Heinz in court over 'healthy' toddlers' snack Shredz
Heinz has been taken to court in Australia after a watchdog said it falsely marketed a children's food as healthy.
The lawsuit concerns Shredz, a snack made from fruit juice concentrate and pastes.
Heinz, which denies the allegations, says the bars have "a similar nutrition profile to sultanas".
But the Australian Competition and Consumer Commission (ACCC) says they should be treated like confectionery.
It claims the snack, aimed at toddlers, contains more than 60% sugar.
The product is no longer on the market, but came in three flavours - "peach apple and veg", "berries apple and veg", and "strawberry and apple with chia seeds".
The packaging stated it was "99% fruit and veg" and featured a selection of fruits prominently on the front.
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The ACCC's lawyer, Tom Duggan, told the Federal Court in Adelaide that the "berries, apple and veg" Shredz had up to 68.7 grams of sugar per 100 grams.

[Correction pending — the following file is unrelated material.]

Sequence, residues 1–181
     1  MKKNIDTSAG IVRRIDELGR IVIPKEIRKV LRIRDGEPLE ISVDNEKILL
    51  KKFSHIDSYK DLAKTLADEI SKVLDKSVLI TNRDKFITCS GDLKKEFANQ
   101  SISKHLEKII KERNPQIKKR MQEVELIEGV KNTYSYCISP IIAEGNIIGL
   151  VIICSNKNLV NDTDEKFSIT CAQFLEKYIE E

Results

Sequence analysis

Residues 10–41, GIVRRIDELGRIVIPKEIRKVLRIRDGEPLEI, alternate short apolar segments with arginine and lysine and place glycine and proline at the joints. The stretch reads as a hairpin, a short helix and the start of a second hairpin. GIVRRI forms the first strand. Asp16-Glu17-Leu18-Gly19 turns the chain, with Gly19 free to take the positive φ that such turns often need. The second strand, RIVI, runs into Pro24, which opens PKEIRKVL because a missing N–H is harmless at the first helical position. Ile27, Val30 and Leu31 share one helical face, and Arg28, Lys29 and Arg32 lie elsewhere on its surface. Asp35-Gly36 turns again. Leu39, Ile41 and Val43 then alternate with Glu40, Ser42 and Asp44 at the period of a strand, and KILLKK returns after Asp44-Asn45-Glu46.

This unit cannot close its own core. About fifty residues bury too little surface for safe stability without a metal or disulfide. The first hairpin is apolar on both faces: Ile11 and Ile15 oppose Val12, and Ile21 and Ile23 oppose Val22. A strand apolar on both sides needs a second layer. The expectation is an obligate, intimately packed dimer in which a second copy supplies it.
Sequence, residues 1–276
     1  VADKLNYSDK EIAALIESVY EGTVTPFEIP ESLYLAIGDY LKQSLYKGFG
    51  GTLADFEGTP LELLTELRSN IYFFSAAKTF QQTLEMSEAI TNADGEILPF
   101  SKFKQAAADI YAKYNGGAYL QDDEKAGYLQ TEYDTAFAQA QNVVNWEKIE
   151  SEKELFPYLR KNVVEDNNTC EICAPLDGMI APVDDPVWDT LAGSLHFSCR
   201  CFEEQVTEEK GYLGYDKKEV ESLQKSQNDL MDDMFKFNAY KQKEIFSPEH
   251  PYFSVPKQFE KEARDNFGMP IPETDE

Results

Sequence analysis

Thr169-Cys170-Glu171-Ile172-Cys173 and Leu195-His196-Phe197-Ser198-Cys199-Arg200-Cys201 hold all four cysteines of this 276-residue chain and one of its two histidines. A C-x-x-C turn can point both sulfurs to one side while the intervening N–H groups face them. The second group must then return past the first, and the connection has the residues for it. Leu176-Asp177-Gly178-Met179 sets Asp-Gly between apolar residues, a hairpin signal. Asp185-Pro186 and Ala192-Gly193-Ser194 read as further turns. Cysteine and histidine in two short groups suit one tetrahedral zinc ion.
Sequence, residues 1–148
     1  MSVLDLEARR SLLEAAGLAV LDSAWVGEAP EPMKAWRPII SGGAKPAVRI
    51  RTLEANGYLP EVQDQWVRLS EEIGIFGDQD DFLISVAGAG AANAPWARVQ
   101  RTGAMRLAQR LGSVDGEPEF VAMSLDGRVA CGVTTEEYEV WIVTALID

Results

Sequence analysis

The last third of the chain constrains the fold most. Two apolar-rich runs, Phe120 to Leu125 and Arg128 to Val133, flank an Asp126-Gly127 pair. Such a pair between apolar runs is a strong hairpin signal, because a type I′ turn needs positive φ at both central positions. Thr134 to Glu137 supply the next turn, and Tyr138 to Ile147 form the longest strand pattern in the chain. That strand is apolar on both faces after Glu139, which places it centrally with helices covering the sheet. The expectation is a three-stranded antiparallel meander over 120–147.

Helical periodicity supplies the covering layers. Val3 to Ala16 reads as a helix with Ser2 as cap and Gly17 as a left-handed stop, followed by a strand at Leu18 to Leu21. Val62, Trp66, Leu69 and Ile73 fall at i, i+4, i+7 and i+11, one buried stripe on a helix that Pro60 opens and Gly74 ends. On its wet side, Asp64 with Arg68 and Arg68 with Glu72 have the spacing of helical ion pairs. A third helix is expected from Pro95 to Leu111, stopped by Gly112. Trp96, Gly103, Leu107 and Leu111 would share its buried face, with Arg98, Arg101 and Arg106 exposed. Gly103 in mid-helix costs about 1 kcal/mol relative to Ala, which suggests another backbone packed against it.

Nutritionist Rosemary Stanton, who helped draw up Australia's dietary guidelines, said the bars were more akin to sweets than fruit or vegetables.
"Confectionery with added vitamins is still confectionery," she said.
She added that while the product did contain some dietary fibre as well as assorted vitamins, the same is true of many unhealthy foods.
"Sure, there are some positive nutrients in there, just as there are positive nutrients in a Big Mac," she said.
The nutritionist advised that Shredz, in her opinion, should be categorised as an occasional treat.
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The food company strongly denies the allegations of false marketing.
In a statement, Heinz rejected the ACCC's claims about the bars' packaging.
"The Shredz products were snack foods available in small individually-packaged serves appropriate for children aged one to three," it said.
"The Shredz products had a similar nutrition profile to dried apple or sultanas.
"Heinz stands behind the Shredz products and their packaging."
The legal action was launched in June 2016 after a complaint about toddlers' foodstuffs by campaign group the Obesity Policy Coalition.
The ACCC is seeking financial penalties, corrective notices and costs from Heinz.